Sunday, 1 December 2013

Adventurers and some bad guys

After spending most of my time painting pack animals and tiny familiars I've finally finished off the set of adventurers I was working on! Just to pick up where my last post left off, I did end up going back to that converted pack donkey (or is it a mule? I don't know) and added a couple of extra bits. The plan was to just fill in behind the baggage with putty and leave it at that but it still left some pretty obvious gaps and I decided that something was needed to fill them. The old bits box didn't have anything suitable in it so I had a stab at making some pouches with the left over putty. Nothing fancy but I was rather surprised by how well they came out. I made three in total and they worked perfectly to blend all the other bits together. I forgot to take pics before I undercoated the model so apologies for the hard to see detail here. There are two pouches on the front and one to the rear. 

It turned out that I had to do a fair bit more work on these last few pieces than I first expected. Nothing over the top, just some basic stuff that I'd either not planned on or had overlooked. The main thing I had completely missed with the mules and familiars were the bases, or more accurately, the underside of the bases. You see, all the models I'd painted up so far had required magnetic material sticking to the underside of the bases. Not a problem when the bases are solid metal castings, but these last few models were all mounted on slotta bases which don't have a solid bottom. To create a solid base to attach the magnetic sheet to I filled in as much of the underside with scrap plastic and then used Milliput to even the surface out. Once dry I sanded the putty smooth (Milliput is much better for sanding than Green Stuff) and gave the bases a quick wash and dry before sticking the magnetic sheet on.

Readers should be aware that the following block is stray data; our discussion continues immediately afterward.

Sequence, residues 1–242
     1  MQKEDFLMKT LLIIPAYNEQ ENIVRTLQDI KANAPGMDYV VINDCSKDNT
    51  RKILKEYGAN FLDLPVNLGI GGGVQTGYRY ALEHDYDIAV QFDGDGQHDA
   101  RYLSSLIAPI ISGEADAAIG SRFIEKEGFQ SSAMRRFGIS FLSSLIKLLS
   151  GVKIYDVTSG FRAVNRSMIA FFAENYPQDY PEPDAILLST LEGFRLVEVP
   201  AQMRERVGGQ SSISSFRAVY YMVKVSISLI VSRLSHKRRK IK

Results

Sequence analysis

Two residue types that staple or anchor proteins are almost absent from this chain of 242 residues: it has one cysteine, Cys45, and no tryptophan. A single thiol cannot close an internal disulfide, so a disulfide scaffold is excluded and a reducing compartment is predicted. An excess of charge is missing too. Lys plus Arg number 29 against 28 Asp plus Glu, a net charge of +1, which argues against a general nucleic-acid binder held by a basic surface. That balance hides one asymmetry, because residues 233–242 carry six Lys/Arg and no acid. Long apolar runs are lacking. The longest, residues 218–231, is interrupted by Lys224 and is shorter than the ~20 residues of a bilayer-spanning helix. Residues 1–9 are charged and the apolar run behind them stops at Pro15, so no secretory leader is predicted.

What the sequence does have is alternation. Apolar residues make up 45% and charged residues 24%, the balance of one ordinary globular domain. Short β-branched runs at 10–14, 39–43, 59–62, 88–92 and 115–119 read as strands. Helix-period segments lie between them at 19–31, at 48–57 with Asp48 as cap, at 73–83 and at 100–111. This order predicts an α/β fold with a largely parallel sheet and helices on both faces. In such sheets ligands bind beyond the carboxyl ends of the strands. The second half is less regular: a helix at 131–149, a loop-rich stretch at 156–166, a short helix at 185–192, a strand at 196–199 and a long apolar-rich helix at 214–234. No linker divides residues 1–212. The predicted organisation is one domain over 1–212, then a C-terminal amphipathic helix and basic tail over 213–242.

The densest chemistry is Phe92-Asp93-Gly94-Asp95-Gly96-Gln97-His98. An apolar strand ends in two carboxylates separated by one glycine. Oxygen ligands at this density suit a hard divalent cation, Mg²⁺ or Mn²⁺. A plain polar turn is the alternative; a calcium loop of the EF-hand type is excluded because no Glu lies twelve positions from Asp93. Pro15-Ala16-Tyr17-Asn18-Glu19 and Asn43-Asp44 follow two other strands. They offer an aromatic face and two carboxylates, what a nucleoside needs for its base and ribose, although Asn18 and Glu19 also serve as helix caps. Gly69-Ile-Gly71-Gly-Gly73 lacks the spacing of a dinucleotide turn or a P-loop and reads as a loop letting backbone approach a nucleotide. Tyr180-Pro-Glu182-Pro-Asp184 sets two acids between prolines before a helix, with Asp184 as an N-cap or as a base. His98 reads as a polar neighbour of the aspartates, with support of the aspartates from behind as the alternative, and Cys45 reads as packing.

The three pack mules also needed their base tops finishing. I'd got two flagstone base toppers that needed to be cut up and divided between the three bases and the gaps filled in with putty to create areas of broken ground. The old razor saw came in very handy for cutting the toppers up and with a bit of filling they were good to go. I couldn't finish the broken ground though until the models were attached to the bases as I had to fill around some of the mules hooves to give a clean fit.

The familiars bases weren't quite as much work but I did add some Milliput flagstones to a couple of the bases as I thought the models would just look better for it. When making my own flagstones I generally cut them from little sheets of dried Milliput that I roll out. I actually made a little jig for getting the thickness exact a while back so I guess I should show my process at some point. Using dried putty rather than sculpting wet enables you to get nice sharp edges if desired but it also makes adding chips and cracks much easier and I think gives a much more pleasant end result.

Anyway I suppose I should show some pictures after all that waffling.

Also in my last post I mentioned a few pieces I'd done for Crooked Dice, well here they are. Bolo the martial artist and some Thuggee warriors.

All of these pictures are also in my gallery. 


  1. Oh man! All this eye candy is blowing my mind!

    This is all so good is hard to point out anything in particular. It's great to see some animals for a change and - damn - those donkey mules turned out great. Lovely!

    This made me think: I'd love to one day see a book full of your works. Make sure the photos you take of your stuff have a big enough resolution. You never know...

  2. Every one is a masterpiece...seriously impressive. 8-)

  3. Wow. Those are very impressing miniatures. I wish I found your blog earlier:D